Using data from different countries such as the USA, Brazil, India and China, he explained that no matter how you look at the economy and its growth, it still consists of three aspects which were consumer expenditure, government expenditure and net exports. “If you look at a country like China, 30% of its GDP comes from exports and Taiwan has a 65% export based economy. In the USA if you look at the last 30 or 40 years, net exports have been marginal and really steady. Consumer expenditures account for 70% of the economy and government expenditures accounts for 30%. In other words it is the consumers that drive the US economy.”
This position however differs from that of Britain, France and Canada with their vast social systems. For example the tax rate in the US is 30% whereas it is an astounding figure in Canada with its free healthcare and similarly in France with its free education.
According to Erevelles the landmark incidents that changed the US economy were the baby boom (the time period of 1946 – 1964), the Women’s Liberation Movement and the number of women in the work force in the 1960s which for the first time accounted for more than half the population of women in the world. Back then the ratio between the young to the old were 9:1. Today this has reduced to less than 2:1 and it is expected that this will reverse itself in the year 2020.
Real life examples
Any lesson is better taught through real life examples. Taking the USA as such an example, he explained the economic cycle of the average person. “The average person enters the work force around the age of 20. At this age they start contributing to the economy, but still their spending is rather low. At the age of 26, the average American gets married and suddenly they start living a normal life. They move into a rented home, buy a car, furniture, healthcare and they start contributing to the economy and spending to help the economy. At the age of 28 they have kids and then the spending accelerates. They have to buy furniture, a different car to accommodate the kid … etc. At the age of 37 to 43 the average American trades up to a larger home just as the kids are close to high school and at 41 it is said that the mortgage debt is at its highest.
“At 49 they are spending at their peak with the kids about to leave to college. They spend on real estate more than they spent in their entire life. They own more cars than they did and are spending more on health insurance, automobile insurance, kid’s education, vacations… etc. In the last two years of one’s life you are going to spend more on your healthcare than you did in your entire life put together. But what most people don’t understand is that most Americans die broke. The reason for this is that although they retire extremely healthy, they don’t understand that they are going to live another 35 years. To put it more simply, higher earning and spending starts at 26 and ends at 49 in the USA. This group of people drives the economy and the 49 group drives it to a greater extent than the 26 group.”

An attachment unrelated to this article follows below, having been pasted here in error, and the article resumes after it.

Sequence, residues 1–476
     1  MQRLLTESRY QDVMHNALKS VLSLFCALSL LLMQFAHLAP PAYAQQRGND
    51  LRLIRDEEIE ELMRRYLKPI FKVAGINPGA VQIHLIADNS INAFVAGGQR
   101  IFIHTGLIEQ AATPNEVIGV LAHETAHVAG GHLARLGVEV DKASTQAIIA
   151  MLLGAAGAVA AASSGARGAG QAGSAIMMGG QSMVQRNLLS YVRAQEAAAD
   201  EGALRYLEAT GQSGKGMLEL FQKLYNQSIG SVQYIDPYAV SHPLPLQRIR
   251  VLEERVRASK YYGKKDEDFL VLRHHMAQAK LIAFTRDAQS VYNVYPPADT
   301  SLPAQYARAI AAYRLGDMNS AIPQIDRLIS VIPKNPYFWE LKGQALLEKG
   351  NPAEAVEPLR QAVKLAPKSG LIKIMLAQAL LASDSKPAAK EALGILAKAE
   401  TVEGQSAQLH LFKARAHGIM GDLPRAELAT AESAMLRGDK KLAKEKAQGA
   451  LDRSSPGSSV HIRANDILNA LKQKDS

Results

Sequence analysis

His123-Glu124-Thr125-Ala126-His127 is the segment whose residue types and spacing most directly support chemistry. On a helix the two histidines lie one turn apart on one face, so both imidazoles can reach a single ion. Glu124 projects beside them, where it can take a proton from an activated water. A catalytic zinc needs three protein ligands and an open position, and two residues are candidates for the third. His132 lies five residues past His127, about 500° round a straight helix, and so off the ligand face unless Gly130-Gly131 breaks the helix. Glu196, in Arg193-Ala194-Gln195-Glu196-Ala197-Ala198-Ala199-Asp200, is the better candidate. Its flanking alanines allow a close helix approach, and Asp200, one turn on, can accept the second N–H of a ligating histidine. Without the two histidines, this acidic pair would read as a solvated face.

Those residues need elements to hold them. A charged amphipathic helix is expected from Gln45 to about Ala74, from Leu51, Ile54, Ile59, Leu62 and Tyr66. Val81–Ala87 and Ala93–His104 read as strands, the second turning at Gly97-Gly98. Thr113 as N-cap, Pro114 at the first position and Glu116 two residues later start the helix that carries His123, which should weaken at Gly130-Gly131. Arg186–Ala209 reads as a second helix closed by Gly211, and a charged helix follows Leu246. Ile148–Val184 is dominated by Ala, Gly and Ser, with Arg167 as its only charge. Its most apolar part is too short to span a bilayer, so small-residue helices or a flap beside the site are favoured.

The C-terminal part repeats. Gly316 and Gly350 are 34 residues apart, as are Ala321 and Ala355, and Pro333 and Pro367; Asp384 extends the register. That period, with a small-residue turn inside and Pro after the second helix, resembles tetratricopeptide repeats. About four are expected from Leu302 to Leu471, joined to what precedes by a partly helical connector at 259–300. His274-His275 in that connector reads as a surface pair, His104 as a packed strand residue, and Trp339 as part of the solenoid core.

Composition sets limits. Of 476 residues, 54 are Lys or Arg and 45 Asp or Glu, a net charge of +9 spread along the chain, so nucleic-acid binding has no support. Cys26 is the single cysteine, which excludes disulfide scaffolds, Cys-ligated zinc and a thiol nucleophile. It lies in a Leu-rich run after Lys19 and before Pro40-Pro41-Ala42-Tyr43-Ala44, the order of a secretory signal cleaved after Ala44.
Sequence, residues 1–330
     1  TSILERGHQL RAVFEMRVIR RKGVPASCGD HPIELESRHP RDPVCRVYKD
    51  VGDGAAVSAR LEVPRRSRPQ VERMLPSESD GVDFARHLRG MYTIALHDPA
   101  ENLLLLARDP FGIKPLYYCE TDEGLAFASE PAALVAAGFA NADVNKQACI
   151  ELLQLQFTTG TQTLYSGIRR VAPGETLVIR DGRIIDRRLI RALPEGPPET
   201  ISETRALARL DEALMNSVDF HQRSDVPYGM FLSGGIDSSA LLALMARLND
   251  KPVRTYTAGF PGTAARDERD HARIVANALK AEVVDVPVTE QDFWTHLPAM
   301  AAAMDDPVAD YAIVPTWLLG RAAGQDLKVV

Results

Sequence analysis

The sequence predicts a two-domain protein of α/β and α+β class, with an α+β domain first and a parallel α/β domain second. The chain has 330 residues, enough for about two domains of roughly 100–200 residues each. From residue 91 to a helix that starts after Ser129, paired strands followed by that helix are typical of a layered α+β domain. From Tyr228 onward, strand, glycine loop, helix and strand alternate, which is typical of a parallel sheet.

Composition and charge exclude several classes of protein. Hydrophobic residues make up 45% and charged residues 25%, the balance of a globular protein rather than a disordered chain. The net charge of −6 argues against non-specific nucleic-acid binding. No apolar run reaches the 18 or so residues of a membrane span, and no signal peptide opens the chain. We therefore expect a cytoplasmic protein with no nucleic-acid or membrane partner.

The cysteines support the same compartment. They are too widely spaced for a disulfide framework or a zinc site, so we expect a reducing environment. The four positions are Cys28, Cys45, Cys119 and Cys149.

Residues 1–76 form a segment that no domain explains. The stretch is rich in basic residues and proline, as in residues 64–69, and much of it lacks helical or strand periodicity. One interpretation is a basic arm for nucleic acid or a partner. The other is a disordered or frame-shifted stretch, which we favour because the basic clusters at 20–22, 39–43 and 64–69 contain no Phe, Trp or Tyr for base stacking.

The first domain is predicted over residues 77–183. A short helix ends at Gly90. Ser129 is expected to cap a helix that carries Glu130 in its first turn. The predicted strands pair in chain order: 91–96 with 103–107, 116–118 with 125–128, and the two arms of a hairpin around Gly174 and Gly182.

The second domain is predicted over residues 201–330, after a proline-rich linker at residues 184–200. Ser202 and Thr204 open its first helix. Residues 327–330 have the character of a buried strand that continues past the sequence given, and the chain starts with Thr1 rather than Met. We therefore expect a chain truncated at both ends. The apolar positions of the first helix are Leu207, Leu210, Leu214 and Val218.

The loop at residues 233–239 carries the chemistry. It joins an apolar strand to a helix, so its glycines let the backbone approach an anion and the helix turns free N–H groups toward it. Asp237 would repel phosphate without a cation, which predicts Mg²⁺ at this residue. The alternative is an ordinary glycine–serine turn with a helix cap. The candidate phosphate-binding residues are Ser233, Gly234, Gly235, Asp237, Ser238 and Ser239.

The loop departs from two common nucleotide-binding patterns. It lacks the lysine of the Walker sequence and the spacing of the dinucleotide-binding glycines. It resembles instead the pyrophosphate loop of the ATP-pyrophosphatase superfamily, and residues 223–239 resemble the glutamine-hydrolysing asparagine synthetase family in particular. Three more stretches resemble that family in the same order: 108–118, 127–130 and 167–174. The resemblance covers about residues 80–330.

So the question is, if you know that the average person enters the work force, gets married, buys a home, sends their kids to college, trades up to a larger home and stops spending and saving at a certain point, then why can’t you predict the future? The answer is: you can.
Risk of deflation
At present there exists a real estate bubble with the real estate market in the USA going up by two and a half times more than what it was in 2000-2005. Given the above as well as the present context with many countries and more particularly the US printing money at an excessive speed, the question arises on the effect the above would have on inflation and possible controls that can be introduced in order to counter it. In other words should not the stock market also go up at an increasing rate together with inflation and if it does, what can we do in order to counter it?
Erevelles is of the opinion that the world is more at risk of deflation rather than inflation in the future. “What is inflation? Inflation is a lot of money for choosing a few goods.” Most of the money being printed by the USA today will actually make up for the consumer draft in spending with a huge write off of assets. If you have a house worth US$ 100,000 and it suddenly goes down to US$ 70, 000, what has happened to the US$ 30,000? It disappeared into thin air.
He was very critical of US Fed Chief Ben Bernanke and his policies on Quantities Easing and Qualitative Easing including the Government bailing out and buying-up of bankrupt companies and toxic assets in the US. Apparently US$ 12 b has been pumped in to the economy by printing money and Government borrowings over the last four years to support this policy. So if you put US$ 12 b into the economy, even if 10% of that is written off, you are going to have US$ 1.2 b and it is impossible for the government to continue to put that into the economy. So the massive write off is going to be greater than the money any government can put in. Rather than having an expansion of money you are actually going to have a contraction of money resulting in deflation.
“With the US baby boomers coming into the retiring age by end 2013 with their earnings and spending drastically contracting and the US will face a deep recession or even a depression by beginning 2014 until 2024 when the micro boomers will rise with enhanced earnings,” he predicted.
If interest rates are really low, why is real estate not going up? In response he stated that the fundamentals to be noted is that no matter what your monitory and fiscal policy is, if there are no people buying anything, then the above policies will have no bearing on the economy stating that “Interest rates and monitory policy can print all the money they want. There is nothing so powerful in any country as people. So, we are going to have deflation and are going to spend the most of the rest of this decade in the US in deflation and a depression.”